Orbit offers 10 flavors of sugar-free gum, two of which also promise to help whiten your teeth. Two Orbit gum ingredients of particular note are sorbitol and xylitol, which give this products its sweet flavor while keeping it sugar-free.
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Notable Orbit Nutrition Facts
Orbit has eight "regular" flavors of gum: peppermint, spearmint, freeze mint, wintermint, sweet mint, bubblemint, strawberry and citrus. They also offer two whitening gum varieties in either peppermint or spearmint flavors. The two whitening flavors are labeled as "Orbit White," so you don't need to worry about confusing them with regular varieties.
According to the USDA, a two-piece serving of regular Orbit gum provides 5 calories, 2 grams of carbohydrates and 2 grams of sugar alcohols. A two-piece serving of Orbit White gum has the same nutritional value, and both types of Orbit gum are sweetened with polyols, or sugar alcohols.
If you prefer to avoid artificial sweeteners, pay close attention to the label on your gum. In addition to sorbitol, xylitol and other sugar alcohols, such as mannitol and maltitol, both types of Orbit gum may contain the artificial sweeteners aspartame, sucralose and acesulfame K. They also use artificial colorings and BHT as a preservative.
Chewing Gum for Healthy Teeth?
Are the two flavors of Orbit whitening gum effective for whitening your teeth? A clinical study says yes — within a certain narrow context.
A 12-week, examiner-blind, randomized study of the gum's whitening efficacy was published in a 2014 issue of the_ Journal of Clinical Dentistry_, with the authors concluding that chewing Orbit whitening gum provided a significant reduction in new stain formation from behaviors like smoking, drinking coffee and drinking tea when used along with a regular tooth-brushing program.
However, it's important to note that the 76 subjects in the study started from a stain-free baseline, and nowhere do the authors mention the gum removing stains already in place. The latter might be what consumers expect after reading the manufacturer's claims about the gum's whitening power. The study was also sponsored by Wrigley, which could be interpreted as a conflict of interest; Wrigley manufactures Orbit gum.
What about chewing gum to protect against dental caries, or cavities? Although Orbit makes no claims regarding this, an older data review published in the May 2008 issue of the Journal of the American Dental Association found that chewing sugar-free gum after meals produces a significant decrease in the incidence of cavities. But its authors note that this benefit comes not from the gum's ingredients, but from stimulating salivary flow, which protects against cavities.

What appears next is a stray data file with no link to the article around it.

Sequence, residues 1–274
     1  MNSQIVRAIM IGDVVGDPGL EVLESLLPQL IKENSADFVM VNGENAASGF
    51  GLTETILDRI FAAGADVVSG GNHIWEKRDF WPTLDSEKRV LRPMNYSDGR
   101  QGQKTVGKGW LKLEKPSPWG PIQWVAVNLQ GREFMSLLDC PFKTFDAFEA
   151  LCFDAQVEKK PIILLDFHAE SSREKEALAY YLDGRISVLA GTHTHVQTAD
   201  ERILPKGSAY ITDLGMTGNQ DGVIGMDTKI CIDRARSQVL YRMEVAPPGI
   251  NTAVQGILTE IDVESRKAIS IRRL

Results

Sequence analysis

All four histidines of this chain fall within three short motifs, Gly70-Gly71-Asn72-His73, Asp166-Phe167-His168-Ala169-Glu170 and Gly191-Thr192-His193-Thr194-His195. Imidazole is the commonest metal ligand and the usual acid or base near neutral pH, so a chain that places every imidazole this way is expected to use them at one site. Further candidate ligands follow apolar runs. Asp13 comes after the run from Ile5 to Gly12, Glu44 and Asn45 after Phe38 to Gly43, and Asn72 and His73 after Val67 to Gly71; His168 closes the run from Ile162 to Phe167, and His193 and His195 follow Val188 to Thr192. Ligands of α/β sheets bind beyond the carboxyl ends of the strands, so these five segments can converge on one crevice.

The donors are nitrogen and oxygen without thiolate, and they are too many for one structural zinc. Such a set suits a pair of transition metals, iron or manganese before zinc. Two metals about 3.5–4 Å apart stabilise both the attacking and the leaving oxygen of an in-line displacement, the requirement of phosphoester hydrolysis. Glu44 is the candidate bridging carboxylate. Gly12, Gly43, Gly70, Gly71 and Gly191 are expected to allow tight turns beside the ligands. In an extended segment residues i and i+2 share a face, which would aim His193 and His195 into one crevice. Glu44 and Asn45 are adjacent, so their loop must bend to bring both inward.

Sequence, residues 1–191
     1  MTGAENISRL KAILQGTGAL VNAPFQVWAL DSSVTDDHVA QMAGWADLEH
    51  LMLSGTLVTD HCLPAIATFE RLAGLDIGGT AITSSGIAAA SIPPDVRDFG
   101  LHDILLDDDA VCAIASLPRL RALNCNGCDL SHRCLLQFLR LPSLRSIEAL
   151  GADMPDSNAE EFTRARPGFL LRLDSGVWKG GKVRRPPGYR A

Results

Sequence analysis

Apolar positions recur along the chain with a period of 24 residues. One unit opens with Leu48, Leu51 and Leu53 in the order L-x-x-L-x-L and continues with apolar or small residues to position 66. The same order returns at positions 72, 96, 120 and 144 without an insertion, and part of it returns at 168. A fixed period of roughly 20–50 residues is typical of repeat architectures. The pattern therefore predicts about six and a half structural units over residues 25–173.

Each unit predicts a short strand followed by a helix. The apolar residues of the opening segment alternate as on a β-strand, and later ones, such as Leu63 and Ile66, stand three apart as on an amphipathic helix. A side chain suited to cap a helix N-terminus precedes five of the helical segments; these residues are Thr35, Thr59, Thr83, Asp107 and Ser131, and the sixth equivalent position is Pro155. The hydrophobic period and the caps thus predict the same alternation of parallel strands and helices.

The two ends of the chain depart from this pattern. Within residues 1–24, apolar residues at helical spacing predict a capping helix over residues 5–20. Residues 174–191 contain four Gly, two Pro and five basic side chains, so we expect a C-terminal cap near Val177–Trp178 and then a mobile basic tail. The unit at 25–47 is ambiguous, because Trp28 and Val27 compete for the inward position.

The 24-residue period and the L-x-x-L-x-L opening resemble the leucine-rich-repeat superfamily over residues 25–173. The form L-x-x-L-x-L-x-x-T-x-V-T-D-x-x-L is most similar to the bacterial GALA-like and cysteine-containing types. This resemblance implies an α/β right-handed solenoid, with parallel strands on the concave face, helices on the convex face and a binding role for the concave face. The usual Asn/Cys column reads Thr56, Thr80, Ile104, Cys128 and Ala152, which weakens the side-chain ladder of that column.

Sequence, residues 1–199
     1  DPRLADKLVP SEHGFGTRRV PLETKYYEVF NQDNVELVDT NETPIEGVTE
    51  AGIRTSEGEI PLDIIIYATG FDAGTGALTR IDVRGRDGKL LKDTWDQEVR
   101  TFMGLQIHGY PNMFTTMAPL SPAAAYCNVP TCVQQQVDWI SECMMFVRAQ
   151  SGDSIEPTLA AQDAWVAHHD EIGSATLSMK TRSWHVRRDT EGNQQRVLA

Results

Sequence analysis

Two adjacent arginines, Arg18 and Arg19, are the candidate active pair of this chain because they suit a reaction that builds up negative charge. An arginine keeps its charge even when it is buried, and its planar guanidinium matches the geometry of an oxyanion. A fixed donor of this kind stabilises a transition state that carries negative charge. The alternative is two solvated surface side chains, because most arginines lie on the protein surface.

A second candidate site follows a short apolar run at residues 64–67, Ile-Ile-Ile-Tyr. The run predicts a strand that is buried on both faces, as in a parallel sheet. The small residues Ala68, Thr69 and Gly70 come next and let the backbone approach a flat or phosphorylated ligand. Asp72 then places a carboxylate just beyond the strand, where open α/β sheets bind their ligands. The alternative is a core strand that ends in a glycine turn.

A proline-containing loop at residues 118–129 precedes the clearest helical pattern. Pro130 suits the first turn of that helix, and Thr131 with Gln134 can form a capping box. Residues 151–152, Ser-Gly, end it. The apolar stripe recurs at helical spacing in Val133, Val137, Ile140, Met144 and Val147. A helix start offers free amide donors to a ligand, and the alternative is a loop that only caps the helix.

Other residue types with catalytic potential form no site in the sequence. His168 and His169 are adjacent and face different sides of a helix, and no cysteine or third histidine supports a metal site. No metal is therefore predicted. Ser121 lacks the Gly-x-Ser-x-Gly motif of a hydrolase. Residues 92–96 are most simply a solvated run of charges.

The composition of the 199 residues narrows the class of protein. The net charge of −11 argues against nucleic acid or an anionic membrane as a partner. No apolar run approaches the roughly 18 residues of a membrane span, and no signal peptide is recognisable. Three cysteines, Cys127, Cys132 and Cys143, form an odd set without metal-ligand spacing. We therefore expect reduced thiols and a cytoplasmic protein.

In another study, published in the October-November 2012 issue of the Journal of the Irish Dental Association, researchers confirm the potential tooth-protecting benefits of chewing gum, but also reinforce that this should be practiced in conjunction with other, more traditional preventive methods.
Sugar Alcohols in Orbit Gum
Orbit's sugar-free gum is sweetened with either sorbitol or xylitol, depending on which variety you choose. Both sweeteners are examples of sugar alcohols, which are commonly used as sugar substitutes. As the Calorie Control Council explains, these sugar substitutes provide significantly fewer calories per gram than carbohydrates and don't promote tooth decay.
This means that Orbit isn't technically carb-free gum — it's the carbohydrate content in the polyols that makes it taste sweet — but it can be better for your teeth and your waistline than a high-calorie gum containing sugar.
One warning about these sweeteners: If you have dogs, don't feed them anything containing xylitol — even Orbit gum — no matter how much you might want to freshen the dog's breath. As the Food and Drug Administration and numerous other organizations note, there have been reports of dogs becoming very ill or even dying after consuming products containing xylitol — not only gums like Orbit but also breath mints, ice cream, some nut butters and many other foods.
Xylitol is extremely toxic for dogs. If you think your dog has eaten xylitol, take it to a pet emergency clinic right away.
- Calorie Control Council: "Polyols"
- Food and Drug Administration: "Paws Off Xylitol; It's Dangerous for Dogs"
- Orbit Gum: "Orbit Gum"
- Journal of Clinical Dentistry: "Crossover Clinical Investigation of a Whitening Chewing Gum for Inhibiting Dental Stain Formation in Conjunction With Tooth Brushing"
- Journal of the American Dental Association: "The Effect of Saliva on Dental Caries"
- Journal of the Irish Dental Association: "The Oral Health Benefits of Chewing Gum"
- USDA: "Orbit White"
- USDA: "Orbit, Sugarfree Gum, Wintermint"